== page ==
You ask about Aperture v. Lightroom. I assume yu've looked at LR. If not doownload it and try it out. Aperture has some of the same functions if you lookat spec sheets. But what spec sheets don't talk about is "style". LR tends to impose a workflow on the user and has a much more simple organizational structure. Some people like this and don't like Aperture's flexibility. If you use Apple's iTunes and understand "smart playlists" and how you have group this into folders then you will understand Aperture. Light room appeals to those who like to stay with the concept of folders and files.

    Bottom line, here is how to decide. Pick your software FIRST then buy the hardware that runs that software best.
     
  8. surrealillusion

    surrealillusion

    103
    Aug 23, 2007
    Ottawa
    Well given all the rumors and speculations of when an update to the MBP would be coming I decided in the meantime to go ahead an order the Dell system. I will probably buy the new MBP when it comes out though so I can have the best of both worlds, I appreciate everyone's feedback!
     
  9. rocketliv

    rocketliv Guest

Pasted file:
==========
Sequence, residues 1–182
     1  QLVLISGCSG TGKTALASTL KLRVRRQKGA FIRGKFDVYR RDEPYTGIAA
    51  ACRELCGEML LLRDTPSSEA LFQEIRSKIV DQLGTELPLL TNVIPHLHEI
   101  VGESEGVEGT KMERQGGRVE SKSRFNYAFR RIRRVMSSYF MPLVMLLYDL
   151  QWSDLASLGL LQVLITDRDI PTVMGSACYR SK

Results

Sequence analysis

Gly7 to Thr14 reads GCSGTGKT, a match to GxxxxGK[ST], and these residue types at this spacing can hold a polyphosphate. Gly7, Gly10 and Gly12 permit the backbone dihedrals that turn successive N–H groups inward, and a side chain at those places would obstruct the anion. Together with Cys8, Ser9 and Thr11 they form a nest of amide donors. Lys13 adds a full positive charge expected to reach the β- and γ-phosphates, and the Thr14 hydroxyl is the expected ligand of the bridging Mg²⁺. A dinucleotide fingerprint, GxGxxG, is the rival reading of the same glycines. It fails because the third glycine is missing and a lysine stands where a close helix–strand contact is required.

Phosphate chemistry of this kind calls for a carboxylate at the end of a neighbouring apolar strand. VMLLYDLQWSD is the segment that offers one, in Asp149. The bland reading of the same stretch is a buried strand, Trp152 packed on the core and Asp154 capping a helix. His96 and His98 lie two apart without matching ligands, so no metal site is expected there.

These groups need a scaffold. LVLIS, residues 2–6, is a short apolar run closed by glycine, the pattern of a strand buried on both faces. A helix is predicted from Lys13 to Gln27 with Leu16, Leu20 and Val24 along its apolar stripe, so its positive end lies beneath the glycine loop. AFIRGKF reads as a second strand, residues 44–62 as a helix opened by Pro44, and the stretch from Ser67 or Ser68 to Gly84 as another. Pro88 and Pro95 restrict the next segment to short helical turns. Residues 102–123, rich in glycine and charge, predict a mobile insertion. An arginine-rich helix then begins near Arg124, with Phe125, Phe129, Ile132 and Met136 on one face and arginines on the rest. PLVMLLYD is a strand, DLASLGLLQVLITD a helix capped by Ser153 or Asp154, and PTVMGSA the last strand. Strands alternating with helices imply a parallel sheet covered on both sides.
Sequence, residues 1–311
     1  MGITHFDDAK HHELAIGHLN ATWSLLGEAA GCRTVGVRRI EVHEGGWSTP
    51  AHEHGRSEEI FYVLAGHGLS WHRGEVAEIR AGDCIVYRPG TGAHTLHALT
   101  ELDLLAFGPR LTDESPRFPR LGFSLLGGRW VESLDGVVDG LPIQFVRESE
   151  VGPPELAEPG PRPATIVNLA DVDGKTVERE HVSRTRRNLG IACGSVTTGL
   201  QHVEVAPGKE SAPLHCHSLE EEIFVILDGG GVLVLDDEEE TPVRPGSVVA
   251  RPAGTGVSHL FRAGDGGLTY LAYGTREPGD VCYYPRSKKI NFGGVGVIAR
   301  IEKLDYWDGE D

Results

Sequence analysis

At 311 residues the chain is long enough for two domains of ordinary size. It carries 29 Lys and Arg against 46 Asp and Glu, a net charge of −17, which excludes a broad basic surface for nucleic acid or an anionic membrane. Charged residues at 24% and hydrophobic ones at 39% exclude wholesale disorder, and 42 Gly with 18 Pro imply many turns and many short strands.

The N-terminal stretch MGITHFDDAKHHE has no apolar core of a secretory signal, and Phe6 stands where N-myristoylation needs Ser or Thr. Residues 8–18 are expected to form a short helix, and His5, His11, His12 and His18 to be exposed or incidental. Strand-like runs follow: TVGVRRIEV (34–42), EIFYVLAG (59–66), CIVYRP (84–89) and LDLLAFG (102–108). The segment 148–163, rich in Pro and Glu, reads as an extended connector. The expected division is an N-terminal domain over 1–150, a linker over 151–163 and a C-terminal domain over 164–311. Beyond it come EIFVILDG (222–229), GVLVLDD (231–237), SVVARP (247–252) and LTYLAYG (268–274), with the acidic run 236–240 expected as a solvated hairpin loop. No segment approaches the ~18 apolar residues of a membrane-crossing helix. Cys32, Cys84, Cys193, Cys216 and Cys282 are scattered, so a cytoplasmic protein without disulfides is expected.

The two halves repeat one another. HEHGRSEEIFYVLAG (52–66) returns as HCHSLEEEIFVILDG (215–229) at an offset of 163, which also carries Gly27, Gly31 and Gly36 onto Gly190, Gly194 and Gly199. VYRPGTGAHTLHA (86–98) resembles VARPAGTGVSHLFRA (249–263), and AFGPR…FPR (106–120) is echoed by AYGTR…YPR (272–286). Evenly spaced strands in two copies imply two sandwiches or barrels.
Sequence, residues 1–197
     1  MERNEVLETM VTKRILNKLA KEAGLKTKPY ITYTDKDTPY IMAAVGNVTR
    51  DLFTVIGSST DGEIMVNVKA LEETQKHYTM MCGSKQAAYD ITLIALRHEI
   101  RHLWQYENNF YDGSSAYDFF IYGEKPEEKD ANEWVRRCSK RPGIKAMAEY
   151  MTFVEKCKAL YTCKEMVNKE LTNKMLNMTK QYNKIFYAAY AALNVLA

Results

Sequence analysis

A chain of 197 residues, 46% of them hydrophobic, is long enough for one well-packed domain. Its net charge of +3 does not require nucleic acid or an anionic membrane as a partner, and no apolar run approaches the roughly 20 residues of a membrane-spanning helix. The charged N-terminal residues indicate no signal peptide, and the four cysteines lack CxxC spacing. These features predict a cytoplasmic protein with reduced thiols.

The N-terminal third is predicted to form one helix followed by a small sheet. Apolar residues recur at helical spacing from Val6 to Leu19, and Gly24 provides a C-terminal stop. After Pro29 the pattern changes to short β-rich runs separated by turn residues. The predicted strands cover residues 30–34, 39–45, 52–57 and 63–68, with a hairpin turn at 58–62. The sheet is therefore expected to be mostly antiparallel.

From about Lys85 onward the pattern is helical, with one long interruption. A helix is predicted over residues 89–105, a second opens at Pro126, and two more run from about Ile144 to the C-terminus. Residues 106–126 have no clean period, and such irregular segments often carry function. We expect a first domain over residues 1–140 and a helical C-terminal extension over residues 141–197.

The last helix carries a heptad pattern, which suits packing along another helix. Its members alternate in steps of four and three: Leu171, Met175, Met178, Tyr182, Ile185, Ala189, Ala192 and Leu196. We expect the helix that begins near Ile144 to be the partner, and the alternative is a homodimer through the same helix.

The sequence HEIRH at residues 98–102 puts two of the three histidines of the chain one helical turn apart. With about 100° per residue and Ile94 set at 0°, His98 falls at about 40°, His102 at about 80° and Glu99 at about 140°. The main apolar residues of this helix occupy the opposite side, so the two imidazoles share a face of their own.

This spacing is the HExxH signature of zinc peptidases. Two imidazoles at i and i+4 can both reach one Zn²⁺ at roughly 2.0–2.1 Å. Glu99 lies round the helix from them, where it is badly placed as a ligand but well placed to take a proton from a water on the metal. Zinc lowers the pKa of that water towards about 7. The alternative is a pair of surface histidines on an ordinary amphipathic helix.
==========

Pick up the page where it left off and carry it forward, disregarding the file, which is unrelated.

100% agree with this. I have a macbook pro and it runs 100 times faster then my Dell Desktop did and it has less RAM! My Desktop had a 3GB RAM, my macbook pro has a 2GB RAM.
     
  10. SMH77

    SMH77

    746
    Feb 11, 2006
    Illinois
    Can someone answer a question regarding the statement above for me? My question is this: When running a Mac with VMware Fusion and running a Windows OS on the Mac, do you still need to run anti-virus software on the Windows partition to protect it? I won't be connecting to the internet via the Windows partition, but have an 'infected' laptop I'm considering replacing right now and am scared to move over files I 'know' to be clean onto my Mac Pro (that has Windows 2000 running via VMware)--and I'm thinking ahead towards replacing my laptop with a MacBook Pro 15".